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The State of Reform
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Download Unite America's free report analyzing the impact of four key political reforms.
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A handful of states are in the final stretch to get anti-gerrymandering measures on the November ballot.

Four states inch closer to redistricting reform

Four states are on the cusp of approving anti-gerrymandering petitions for the November ballot, but challenges still remain.

Putting independent commissions, rather than politicians, in charge of drawing district maps is widely regarded as the most effective way to combat partisan gerrymandering. Next year, following the census, 14 states will use such commissions to draw state legislative districts, and eight will do so for congressional districts.

Getting on the November ballot and leaving it up to the voters is the last chance Arkansas, Nevada, North Dakota and Oregon have to make the switch to an independent redistricting commission before maps are redrawn for the new decade. But the Covid-19 pandemic has made gathering signatures to qualify for the ballot especially difficult.

Here are updates on redistricting reform campaigns in those states.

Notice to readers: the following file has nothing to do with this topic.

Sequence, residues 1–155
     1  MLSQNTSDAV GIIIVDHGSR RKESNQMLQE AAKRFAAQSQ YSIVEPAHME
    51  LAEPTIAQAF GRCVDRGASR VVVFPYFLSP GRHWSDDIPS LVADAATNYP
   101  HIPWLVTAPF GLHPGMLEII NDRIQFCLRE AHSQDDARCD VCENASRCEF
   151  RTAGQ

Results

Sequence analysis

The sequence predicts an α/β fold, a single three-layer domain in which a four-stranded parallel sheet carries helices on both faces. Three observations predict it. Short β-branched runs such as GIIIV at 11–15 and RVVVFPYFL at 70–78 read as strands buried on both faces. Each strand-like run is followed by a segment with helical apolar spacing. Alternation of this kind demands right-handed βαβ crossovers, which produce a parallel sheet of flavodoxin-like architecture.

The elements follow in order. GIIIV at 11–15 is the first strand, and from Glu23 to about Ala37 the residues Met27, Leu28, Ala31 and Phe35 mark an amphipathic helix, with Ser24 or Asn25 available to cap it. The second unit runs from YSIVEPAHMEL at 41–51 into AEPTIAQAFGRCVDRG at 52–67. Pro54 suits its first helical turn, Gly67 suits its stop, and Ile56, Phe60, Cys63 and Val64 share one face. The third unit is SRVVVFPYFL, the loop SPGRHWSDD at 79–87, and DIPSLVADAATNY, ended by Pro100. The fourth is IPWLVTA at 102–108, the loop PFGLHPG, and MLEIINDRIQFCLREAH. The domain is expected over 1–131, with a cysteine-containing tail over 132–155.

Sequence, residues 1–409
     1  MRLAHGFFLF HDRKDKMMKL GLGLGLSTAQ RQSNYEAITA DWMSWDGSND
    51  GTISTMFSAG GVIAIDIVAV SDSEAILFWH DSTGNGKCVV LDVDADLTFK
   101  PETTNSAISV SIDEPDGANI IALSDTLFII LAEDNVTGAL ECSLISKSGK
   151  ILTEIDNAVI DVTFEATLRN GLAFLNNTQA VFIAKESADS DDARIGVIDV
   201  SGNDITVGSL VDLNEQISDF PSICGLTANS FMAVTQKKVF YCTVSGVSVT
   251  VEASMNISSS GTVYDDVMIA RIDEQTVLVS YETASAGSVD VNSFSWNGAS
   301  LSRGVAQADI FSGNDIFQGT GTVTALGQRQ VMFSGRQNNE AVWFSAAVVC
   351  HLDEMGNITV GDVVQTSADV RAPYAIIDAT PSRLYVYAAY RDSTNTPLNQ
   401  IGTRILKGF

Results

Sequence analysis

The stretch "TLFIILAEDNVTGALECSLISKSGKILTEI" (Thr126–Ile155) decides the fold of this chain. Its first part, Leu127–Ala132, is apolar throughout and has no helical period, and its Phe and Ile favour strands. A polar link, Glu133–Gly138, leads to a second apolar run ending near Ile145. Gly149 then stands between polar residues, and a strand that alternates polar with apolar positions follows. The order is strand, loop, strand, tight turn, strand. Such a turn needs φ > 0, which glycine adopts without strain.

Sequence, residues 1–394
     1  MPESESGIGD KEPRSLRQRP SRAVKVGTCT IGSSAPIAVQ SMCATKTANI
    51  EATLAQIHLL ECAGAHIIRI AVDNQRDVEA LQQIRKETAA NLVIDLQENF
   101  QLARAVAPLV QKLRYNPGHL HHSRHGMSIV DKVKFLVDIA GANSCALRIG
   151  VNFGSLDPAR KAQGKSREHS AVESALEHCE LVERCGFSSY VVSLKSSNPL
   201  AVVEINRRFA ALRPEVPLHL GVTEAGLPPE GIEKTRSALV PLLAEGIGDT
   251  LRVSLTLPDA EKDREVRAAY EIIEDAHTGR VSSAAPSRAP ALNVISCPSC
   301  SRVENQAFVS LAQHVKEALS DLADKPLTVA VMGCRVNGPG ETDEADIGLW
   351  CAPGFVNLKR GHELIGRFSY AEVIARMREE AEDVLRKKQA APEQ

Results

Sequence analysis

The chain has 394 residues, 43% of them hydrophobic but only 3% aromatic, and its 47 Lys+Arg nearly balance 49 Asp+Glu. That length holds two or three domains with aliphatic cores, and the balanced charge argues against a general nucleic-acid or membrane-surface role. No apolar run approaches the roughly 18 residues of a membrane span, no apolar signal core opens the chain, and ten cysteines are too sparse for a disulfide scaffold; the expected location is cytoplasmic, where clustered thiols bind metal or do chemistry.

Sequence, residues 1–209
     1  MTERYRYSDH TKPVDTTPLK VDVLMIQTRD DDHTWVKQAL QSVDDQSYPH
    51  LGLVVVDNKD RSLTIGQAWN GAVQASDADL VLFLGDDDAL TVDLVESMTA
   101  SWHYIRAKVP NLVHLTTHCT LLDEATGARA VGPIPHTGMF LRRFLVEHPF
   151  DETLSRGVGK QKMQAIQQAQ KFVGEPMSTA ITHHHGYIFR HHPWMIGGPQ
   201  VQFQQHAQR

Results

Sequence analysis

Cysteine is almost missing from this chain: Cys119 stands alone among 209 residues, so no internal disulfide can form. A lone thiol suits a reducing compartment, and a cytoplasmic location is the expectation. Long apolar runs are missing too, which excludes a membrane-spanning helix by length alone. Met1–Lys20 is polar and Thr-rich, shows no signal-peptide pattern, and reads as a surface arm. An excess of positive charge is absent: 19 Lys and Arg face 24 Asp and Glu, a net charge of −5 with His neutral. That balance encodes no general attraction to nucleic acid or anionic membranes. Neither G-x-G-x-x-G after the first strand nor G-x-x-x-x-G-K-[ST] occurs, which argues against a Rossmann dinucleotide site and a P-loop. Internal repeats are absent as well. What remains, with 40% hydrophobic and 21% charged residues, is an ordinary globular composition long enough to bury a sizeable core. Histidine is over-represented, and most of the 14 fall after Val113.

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Signatures in hand, system-fix measures on track in two states

Bids to get a revamp of redistricting in Arkansas and expanded election reforms in North Dakota on statewide ballots have concluded after a difficult but apparently successful season of signature gathering.

The Covid-19 pandemic's stay-at-home orders and social distancing have made collecting signatures for ballot petitions especially challenging this year. Many groups have sued to relax petitioning rules, but the campaigns in both states were rebuffed in their efforts to get permission to use electronic signatures.

Organizers of both nonetheless got several thousand more handwritten signatures than required. They turned in their piles of paperwork to state officials Monday — confident they had beaten the odds to join other prominent democracy reform initiatives where voters will have the final say in November.

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Redistricting reformers to Oregon voters: You've got mail

In keeping with social distancing mandates, crusaders against partisan gerrymandering in Oregon have settled on a new old-fashioned way to recruit allies: Send a letter, by snail mail.

With the coronavirus pandemic ruling out traditional in-person canvassing across the country, many grassroots democracy efforts have gone silent — some after failing to get permission to obtain electronic signatures for their ballot measures.

Redistricting reformers in Oregon aren't going down the online route. Instead they are mailing copies of their ballot proposal, which would turn legislative mapmaking over to an independent redistricting commission, to half a million residential addresses in search of handwritten endorsements.

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